Taiwan asks to join trade group, says China could interfere


TAIPEI, Taiwan (AP) – Taiwan announced Thursday that it has applied to join a trade group of 11 Pacific countries, creating a potential clash with rival Beijing over the status of island democracy.

The Chinese government, which claims Taiwan as part of its territory, has not given any details on how it might respond, but said the island has no right to join international bodies.

A Taiwanese cabinet minister said the island’s bid to join the Comprehensive and Progressive Agreement on Trans-Pacific Partnership could be halted if China, which applied last week, is admitted first.

The CPTPP, which entered into force in 2018, includes agreements on market access, labor movement and government procurement. Other members include Australia, Canada, Japan, Mexico, Singapore and New Zealand.

“China has hampered Taiwan’s opportunities on the international stage,” John Deng, a minister without portfolio, said at a press conference. “If China joins before Taiwan, it will endanger Taiwan’s candidacy. “

The CPTPP was the Trans-Pacific Partnership, a group promoted by then-President Barack Obama. His successor, Donald Trump, stepped down in 2017. President Joe Biden did not join.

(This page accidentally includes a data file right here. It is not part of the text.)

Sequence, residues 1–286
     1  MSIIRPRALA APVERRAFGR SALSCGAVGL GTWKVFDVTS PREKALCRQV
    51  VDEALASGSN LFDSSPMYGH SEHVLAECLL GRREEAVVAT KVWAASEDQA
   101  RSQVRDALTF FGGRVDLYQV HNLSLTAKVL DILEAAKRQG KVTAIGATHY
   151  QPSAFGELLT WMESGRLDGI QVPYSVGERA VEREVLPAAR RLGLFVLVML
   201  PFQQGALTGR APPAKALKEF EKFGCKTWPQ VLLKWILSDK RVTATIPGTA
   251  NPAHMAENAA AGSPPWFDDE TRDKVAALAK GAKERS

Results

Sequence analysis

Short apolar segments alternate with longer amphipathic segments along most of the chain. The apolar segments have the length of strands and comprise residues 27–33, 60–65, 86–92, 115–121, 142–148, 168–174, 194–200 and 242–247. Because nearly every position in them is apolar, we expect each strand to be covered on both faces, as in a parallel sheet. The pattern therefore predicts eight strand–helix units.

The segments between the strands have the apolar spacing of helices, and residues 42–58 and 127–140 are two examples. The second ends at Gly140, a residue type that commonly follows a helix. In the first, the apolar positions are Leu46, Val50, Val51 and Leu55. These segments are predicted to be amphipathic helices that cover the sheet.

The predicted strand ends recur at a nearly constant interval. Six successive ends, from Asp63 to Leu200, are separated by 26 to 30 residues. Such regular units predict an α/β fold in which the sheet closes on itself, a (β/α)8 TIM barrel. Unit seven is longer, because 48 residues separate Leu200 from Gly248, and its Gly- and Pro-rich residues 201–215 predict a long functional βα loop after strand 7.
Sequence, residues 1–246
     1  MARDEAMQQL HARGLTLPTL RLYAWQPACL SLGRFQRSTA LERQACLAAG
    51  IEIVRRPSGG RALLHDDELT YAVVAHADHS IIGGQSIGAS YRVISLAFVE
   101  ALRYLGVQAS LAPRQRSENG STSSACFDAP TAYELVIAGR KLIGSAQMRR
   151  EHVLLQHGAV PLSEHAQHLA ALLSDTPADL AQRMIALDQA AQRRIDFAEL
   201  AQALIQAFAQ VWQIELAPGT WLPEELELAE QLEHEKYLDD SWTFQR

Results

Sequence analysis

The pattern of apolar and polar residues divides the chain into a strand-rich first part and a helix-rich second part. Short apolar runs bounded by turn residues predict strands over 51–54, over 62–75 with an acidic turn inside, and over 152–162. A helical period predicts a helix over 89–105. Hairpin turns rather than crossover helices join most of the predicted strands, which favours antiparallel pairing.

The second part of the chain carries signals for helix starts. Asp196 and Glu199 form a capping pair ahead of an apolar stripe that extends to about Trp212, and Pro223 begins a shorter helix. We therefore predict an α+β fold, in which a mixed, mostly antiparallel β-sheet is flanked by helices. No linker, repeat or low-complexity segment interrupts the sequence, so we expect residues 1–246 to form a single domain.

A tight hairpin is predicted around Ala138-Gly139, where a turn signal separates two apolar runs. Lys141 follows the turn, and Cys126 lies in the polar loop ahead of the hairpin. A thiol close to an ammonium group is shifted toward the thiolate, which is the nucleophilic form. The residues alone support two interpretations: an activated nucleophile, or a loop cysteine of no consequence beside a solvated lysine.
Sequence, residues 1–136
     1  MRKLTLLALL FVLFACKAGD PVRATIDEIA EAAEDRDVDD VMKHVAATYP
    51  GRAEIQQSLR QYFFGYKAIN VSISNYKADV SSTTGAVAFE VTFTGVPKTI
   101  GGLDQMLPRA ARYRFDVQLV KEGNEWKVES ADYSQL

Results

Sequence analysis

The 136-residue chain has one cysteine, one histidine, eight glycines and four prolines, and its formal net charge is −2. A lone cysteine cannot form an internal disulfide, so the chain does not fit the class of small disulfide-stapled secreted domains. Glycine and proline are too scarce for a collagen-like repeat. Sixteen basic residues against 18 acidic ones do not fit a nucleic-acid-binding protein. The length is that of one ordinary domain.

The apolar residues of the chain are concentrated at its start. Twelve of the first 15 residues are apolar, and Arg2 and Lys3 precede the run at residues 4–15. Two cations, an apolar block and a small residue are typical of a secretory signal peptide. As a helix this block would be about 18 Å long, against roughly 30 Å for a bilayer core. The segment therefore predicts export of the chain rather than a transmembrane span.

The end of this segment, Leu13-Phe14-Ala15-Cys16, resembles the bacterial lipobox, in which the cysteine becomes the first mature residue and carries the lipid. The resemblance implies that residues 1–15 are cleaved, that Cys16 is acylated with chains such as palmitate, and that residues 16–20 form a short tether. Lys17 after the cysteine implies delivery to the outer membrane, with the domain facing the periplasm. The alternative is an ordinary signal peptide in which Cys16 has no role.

China and Taiwan have been governed separately since the Communist Party took control of the mainland in 1949 following a civil war. They have extensive trade and investment ties, but no official ties.

“The Taiwan region is an inalienable part of China,” said Chinese Foreign Ministry spokesman Zhao Lijian. “We strongly oppose any official contact between Taiwan and other countries, as well as Taiwan’s accession to any official agreement or organization.”

Deng said Taiwan’s status as a democracy and market economy should count in his favor.

“Taiwan and China follow different organizational systems. We are an integrated market economy, ”he said. “We have democracy and the rule of law supporting us. Our laws are transparent to everyone.


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